Wednesday, May 02, 2012

"Margin Call"

Well, so much for keeping up with the posting.  But you can't force the words to come out; they're either there or they're not.  Also, I find that the more writing I have to do that is work-related, the less able I am to come up with anything even marginally entertaining for the ol' blog.

But that changes today!  At least, for today.

The first item to come off the backlog is "Margin Call," a movie released last fall that didn't receive anywhere near the amount of attention that it deserved.  A thriller of sorts, "inspired by real events," the movie unfolds over the course of one 24-hour period at a major financial firm in New York City - the kind that we all know so well and love so much in this day and age.

Let's start by talking about the cast.  It's a powerhouse cast with a lot of hardware up on the mantel, names like Kevin Spacey, Jeremy Irons, Demi Moore, Paul Bettany, Stanley Tucci, Simon Baker and Zachary Quinto (plus, the added bonus of Quinto's eyebrows).  That's a great cast for what appears to have been an unknown director - one J.C. Chandor, unknown at least to me - and Chandor gets the most out of his team.

The story begins with a scene reminiscent of "Up in the Air," which depicts the layoff of Stanley Tucci, the firm's risk manager.  Unbeknownst to his superiors, Tucci has been doing some research on the firm's recent investment strategies, and he leaves his work with Quinto, with the ominous warning, "be careful."  That evening, while most of what remains of the staff are out celebrating the fact that they didn't get laid off, Quinto digs into the research, and quickly realizes that the firm is built on a house of cards, one that is about to come tumbling down.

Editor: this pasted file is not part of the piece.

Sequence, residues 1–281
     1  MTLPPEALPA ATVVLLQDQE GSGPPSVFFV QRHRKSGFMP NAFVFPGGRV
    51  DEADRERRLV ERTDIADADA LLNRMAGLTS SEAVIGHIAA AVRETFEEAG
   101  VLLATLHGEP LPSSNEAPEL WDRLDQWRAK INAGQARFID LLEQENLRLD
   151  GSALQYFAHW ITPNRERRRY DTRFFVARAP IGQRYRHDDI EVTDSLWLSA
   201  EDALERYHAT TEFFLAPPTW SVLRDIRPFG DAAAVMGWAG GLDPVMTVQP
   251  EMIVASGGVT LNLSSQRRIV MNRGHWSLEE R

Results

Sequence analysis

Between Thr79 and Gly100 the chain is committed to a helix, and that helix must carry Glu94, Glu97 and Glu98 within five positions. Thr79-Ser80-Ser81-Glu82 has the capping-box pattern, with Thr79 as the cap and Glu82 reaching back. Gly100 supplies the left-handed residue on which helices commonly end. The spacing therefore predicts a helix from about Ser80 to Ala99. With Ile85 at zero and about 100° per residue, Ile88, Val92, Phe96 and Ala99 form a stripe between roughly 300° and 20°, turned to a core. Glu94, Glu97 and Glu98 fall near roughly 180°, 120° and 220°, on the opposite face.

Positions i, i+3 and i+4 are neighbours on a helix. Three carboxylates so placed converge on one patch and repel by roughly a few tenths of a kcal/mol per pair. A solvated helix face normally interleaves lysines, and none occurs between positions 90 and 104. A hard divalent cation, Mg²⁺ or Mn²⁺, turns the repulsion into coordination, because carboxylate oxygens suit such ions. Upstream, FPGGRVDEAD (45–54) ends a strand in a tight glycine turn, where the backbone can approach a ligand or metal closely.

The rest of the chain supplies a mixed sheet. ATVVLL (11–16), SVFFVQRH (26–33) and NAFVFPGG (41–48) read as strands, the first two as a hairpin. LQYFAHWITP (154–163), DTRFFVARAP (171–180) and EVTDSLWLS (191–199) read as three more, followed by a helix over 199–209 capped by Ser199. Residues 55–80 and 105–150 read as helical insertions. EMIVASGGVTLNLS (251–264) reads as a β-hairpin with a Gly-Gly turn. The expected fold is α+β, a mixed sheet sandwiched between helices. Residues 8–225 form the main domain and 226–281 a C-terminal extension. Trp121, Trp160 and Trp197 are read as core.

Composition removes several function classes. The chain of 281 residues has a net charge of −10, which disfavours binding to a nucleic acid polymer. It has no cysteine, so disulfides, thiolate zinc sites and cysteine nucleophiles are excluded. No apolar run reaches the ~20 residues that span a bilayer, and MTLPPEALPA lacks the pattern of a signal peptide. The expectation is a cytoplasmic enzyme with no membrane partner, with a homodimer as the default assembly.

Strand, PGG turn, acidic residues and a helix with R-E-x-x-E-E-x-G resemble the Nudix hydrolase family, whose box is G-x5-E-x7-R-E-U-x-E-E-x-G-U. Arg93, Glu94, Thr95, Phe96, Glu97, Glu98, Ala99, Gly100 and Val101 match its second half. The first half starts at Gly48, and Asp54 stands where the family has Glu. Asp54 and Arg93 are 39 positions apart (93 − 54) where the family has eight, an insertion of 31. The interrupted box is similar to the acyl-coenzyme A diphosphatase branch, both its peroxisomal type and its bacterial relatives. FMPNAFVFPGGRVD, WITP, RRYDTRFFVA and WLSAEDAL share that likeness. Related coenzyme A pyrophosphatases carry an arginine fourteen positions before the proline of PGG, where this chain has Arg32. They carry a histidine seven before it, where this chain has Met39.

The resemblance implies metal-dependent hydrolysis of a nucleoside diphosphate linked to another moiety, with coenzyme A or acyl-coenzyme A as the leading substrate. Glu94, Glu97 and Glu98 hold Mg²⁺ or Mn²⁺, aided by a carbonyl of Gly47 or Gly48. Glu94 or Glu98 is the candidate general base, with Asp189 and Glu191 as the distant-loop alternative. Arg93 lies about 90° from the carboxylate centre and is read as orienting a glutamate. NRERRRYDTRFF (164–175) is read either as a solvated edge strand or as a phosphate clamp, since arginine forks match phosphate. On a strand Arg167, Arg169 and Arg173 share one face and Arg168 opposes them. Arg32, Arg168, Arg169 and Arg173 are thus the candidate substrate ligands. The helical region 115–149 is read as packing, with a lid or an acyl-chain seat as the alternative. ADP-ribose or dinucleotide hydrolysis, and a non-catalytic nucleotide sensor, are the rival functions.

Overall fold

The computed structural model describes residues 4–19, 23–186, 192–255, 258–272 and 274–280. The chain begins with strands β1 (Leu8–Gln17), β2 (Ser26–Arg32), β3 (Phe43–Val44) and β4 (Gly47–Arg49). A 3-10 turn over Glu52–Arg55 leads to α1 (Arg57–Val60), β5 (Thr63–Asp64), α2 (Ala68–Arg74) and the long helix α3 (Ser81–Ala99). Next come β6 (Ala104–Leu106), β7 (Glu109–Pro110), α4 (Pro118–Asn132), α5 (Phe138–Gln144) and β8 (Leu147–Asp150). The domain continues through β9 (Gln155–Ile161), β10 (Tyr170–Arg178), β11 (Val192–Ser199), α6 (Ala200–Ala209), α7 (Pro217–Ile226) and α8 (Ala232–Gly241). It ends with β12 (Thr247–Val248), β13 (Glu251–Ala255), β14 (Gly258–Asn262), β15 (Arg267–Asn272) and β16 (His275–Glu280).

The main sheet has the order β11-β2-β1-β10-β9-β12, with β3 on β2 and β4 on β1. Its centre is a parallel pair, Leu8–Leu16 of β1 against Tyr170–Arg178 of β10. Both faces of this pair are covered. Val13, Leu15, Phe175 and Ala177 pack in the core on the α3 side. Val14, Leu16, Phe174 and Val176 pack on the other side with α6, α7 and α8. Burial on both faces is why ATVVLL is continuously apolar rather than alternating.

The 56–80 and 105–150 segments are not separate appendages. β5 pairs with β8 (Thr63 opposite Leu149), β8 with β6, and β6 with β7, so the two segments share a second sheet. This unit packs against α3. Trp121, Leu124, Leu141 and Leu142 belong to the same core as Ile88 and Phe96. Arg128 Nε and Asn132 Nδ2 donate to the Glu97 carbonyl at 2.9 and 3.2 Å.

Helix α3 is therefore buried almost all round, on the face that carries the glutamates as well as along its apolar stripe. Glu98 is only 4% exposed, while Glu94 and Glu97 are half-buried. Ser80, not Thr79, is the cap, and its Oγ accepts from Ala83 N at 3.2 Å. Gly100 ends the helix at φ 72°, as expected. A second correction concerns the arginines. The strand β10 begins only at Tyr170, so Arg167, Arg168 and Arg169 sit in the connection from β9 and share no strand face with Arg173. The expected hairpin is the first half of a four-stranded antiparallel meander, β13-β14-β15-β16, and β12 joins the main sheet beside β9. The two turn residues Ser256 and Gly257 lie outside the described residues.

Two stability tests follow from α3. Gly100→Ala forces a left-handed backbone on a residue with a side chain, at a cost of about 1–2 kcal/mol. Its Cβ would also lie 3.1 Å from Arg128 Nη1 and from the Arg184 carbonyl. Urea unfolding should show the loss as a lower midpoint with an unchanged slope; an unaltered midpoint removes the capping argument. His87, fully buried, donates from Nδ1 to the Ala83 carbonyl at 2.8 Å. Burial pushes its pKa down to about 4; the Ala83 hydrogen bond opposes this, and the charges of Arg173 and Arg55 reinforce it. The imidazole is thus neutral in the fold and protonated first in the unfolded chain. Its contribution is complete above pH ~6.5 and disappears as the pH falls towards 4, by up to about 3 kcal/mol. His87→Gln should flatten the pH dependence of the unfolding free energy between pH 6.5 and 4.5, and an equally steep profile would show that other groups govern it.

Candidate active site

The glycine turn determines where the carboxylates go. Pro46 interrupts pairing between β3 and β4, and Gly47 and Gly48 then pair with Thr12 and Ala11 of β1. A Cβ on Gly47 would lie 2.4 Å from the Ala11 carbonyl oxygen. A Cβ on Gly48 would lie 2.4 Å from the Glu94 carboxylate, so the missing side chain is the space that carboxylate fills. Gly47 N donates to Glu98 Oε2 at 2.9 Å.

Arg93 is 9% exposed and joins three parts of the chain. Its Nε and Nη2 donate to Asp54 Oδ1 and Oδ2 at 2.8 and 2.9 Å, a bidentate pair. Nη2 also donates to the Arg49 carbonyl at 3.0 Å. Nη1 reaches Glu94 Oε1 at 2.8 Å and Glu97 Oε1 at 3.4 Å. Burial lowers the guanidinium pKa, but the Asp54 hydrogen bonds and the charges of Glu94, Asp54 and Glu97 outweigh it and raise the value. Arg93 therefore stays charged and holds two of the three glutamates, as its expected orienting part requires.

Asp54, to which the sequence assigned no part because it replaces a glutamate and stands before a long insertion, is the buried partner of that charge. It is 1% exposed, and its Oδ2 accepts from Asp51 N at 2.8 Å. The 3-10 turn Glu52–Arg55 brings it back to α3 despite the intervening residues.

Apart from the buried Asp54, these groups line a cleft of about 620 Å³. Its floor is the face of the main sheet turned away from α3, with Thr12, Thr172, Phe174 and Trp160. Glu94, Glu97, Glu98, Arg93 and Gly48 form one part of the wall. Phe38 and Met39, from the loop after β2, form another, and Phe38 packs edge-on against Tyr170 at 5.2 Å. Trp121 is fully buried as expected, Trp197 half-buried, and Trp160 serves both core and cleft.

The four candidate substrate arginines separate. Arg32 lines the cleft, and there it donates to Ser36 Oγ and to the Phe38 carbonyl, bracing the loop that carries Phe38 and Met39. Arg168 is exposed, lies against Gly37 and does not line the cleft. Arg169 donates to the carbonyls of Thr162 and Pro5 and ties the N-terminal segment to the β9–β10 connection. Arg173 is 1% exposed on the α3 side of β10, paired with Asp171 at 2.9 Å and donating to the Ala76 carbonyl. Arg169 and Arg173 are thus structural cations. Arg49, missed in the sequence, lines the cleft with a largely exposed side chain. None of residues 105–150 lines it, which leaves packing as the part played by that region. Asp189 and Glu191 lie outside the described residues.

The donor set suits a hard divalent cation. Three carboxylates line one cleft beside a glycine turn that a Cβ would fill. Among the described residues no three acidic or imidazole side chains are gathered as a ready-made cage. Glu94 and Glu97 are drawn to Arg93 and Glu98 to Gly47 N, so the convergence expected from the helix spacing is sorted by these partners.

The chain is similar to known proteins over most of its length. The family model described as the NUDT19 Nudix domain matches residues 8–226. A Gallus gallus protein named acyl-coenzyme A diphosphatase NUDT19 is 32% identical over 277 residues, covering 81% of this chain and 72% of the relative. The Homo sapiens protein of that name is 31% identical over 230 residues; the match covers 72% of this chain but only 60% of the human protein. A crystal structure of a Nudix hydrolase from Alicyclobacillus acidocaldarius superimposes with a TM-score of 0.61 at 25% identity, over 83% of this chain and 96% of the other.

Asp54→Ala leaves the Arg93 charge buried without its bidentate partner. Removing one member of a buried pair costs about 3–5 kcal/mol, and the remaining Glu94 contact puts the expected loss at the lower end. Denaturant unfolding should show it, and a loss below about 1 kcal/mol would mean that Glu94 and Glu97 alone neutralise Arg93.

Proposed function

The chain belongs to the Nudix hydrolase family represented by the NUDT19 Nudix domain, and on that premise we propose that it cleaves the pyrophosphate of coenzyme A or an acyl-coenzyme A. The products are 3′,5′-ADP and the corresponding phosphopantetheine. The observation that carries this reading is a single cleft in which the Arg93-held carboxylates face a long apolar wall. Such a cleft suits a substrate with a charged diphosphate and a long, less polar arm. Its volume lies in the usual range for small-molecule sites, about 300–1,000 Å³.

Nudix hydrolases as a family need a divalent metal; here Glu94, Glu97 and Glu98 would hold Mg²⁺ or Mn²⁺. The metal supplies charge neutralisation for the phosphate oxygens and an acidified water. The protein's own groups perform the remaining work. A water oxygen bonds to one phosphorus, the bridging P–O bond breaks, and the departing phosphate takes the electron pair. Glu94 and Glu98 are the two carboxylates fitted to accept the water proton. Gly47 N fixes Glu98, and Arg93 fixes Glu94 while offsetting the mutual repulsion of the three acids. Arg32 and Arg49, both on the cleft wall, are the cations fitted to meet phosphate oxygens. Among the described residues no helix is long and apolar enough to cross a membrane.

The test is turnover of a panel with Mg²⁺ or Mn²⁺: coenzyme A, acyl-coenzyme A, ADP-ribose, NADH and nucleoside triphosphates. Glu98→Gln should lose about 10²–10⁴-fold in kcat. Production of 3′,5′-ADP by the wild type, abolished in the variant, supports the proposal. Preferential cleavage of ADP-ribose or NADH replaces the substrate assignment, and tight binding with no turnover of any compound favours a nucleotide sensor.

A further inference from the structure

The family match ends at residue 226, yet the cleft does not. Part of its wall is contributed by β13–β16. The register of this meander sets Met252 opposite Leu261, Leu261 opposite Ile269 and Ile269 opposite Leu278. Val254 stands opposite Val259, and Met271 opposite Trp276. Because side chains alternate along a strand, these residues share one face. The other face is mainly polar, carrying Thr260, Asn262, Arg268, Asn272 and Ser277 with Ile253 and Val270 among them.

One by one, he shepherds this information up the ladder - to Bettany, to Spacey, to Baker and Moore, and then finally to the firm's CEO, Irons - who plays the role with a gusto equal to his voice portrayal of Scar in "The Lion King."  In the wee small hours of the morning, a strategy is worked out, heads roll, and the next morning, the traders go into action.  It's probably not much of a spoiler to say that the solution for the firm isn't exactly in the best interest of the other trading firms, the consumer, or the public at large.

All in all, this is excellent work by a great team.  I look forward to seeing what Mr. Chandor has to offer in the future.

1 comment:

David Haas said...

I have a quick question about your blog, do you think you could email me?